THE WANDERER, August 2, 2007


The Paul Blackout

     If you want to learn about the only real 
conservative running for president, don't bother 
following the allegedly conservative media. I've seen 
nary a single mention of Congressman Ron Paul in the 
POST. I don't think Rush Limbaugh or Sean Hannity has 
covered him either. Maybe I've missed something, but I 
doubt it. Has Fox News paid him any mind at all?

     Not as much as it has paid the pro-war atheist 
Christopher Hitchens. But then, Hitchens is quite 
acceptable to the neocons and often pops up in the 
JOURNAL. (He keeps his old irreverence about Zionism 
under prudent control these days. There are taboos and 

     George Will -- who takes Rudy Giuliani seriously =as 
a conservative= -- devoted a single dismissive NEWSWEEK 
column to Paul, treating him as an eccentric and a joke. 
Imagine, a conservative politician who both opposes the 
Iraq war and wants to abide by the U.S. Constitution! One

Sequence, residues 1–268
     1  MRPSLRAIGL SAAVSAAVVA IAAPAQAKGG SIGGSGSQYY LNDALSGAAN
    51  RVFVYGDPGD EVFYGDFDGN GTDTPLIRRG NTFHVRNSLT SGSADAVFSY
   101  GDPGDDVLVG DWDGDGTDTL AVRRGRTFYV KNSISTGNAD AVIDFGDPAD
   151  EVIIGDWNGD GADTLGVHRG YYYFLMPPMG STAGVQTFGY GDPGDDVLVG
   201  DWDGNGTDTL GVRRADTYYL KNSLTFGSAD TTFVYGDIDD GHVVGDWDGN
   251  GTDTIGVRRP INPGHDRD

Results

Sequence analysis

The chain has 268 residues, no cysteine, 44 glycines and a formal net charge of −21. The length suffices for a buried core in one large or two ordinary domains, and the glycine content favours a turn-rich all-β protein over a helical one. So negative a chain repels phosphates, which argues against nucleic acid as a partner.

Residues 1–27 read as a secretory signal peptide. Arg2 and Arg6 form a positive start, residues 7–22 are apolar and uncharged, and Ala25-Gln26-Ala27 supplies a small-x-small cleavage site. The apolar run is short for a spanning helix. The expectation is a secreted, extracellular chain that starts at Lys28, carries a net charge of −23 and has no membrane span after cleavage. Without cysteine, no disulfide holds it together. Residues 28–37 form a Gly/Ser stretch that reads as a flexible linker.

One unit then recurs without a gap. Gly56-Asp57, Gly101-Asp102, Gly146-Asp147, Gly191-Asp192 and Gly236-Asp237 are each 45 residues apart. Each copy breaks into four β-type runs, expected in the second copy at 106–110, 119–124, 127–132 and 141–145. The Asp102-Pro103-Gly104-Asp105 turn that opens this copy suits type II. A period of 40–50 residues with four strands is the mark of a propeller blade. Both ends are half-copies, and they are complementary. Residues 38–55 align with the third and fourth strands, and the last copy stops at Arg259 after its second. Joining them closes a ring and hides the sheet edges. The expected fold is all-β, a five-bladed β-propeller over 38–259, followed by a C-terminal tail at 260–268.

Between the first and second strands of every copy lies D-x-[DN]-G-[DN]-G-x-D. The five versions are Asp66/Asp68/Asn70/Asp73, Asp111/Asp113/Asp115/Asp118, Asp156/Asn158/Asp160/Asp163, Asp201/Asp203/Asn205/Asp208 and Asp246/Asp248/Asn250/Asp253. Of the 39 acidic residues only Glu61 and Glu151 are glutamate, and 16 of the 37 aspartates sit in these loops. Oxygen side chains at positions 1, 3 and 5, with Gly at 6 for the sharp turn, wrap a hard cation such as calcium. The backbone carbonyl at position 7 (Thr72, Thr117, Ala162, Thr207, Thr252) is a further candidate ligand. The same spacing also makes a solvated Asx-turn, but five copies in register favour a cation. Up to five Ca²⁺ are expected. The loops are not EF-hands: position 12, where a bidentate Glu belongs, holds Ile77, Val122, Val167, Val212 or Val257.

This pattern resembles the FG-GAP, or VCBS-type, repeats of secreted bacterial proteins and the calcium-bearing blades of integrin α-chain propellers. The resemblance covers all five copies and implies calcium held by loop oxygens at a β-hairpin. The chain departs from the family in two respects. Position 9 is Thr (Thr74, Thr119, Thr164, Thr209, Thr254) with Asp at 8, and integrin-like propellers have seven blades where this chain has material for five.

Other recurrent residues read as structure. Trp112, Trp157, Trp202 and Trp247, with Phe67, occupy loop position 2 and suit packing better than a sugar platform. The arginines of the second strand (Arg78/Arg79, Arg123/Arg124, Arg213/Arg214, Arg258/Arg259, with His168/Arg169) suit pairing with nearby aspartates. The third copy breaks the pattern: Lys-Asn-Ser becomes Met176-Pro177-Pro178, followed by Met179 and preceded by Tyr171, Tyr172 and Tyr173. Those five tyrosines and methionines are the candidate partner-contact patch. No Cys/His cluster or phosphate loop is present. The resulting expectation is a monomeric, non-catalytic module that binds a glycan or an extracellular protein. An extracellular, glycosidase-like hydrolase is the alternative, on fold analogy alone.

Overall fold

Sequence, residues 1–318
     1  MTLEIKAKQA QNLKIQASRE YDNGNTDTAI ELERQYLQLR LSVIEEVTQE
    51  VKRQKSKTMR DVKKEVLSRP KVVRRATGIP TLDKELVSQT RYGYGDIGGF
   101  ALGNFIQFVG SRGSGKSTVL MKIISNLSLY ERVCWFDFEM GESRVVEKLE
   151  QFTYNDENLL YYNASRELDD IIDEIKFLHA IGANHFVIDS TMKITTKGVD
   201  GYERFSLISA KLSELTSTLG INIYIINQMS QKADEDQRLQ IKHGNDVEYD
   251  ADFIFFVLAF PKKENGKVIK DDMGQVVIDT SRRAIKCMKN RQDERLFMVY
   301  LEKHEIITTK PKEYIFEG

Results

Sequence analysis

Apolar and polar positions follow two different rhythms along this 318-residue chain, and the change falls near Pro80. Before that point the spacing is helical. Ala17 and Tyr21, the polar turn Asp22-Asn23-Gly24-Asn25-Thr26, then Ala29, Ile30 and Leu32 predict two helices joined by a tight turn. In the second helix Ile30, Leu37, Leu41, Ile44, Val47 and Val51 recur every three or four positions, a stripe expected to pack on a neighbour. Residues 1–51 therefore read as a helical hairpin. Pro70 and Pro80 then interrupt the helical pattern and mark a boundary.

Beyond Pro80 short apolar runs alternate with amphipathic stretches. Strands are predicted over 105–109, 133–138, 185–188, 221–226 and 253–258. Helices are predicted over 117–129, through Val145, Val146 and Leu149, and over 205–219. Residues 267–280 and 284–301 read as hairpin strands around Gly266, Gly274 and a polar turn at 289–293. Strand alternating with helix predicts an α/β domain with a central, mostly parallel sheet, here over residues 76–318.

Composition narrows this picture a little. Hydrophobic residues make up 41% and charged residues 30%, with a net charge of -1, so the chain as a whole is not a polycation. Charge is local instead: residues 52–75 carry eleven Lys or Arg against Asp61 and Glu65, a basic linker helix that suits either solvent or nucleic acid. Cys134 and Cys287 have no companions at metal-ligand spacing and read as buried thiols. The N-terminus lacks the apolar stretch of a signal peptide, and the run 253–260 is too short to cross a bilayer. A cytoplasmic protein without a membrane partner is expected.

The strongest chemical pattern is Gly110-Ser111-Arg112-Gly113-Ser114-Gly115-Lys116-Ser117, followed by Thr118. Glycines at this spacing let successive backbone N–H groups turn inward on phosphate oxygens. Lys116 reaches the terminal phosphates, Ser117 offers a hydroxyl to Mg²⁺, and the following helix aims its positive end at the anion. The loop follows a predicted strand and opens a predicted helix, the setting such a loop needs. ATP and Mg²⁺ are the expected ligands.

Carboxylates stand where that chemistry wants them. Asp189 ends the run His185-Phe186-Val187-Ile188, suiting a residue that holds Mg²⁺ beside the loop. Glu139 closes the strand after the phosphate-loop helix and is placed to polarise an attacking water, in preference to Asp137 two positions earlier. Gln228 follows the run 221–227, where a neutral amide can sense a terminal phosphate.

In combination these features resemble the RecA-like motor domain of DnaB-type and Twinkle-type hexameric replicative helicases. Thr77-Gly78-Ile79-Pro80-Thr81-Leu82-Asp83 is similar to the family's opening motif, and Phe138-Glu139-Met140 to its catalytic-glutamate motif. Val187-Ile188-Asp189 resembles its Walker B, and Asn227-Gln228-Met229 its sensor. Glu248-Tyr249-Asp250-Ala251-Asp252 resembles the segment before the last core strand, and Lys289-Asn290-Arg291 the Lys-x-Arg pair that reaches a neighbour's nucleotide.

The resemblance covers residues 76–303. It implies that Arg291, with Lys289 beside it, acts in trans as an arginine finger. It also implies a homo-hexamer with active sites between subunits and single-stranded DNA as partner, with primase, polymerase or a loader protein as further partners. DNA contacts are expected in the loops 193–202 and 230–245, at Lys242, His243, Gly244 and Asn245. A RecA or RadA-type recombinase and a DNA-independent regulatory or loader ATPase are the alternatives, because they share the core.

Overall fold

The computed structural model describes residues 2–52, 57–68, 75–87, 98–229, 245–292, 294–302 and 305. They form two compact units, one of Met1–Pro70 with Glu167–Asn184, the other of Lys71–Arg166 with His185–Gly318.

who, moreover, in his private life as a physician, has 
refused to take a single dime of Medicare money and has 
forbidden his own children to take student loans from the 

     On the other hand, the "liberal" media have covered 
Paul rather generously and with respect. THE WASHINGTON 
POST has featured him on its front page and in its 
"Style" section; ABC's George Stephanopoulos has 
interviewed him at length, as have Bill Moyers and 

     Paul's notable integrity, which makes him so 
appealing to principled conservatives (as opposed to rich 
Republican hacks), also compels the attention of honest 
opponents of his philosophy. True, liberals find a few 
points of agreement with him, and no doubt they like it 
that he makes the rest of his party look so cheap and 
cynical; but that isn't all. The respect he commands is 

     Such a politician as Paul stands out like a virgin 
in a house of ill repute. He is an embarrassment and an 
annoyance to powerful people who want to claim the 
conservative label, so they pretend he doesn't exist.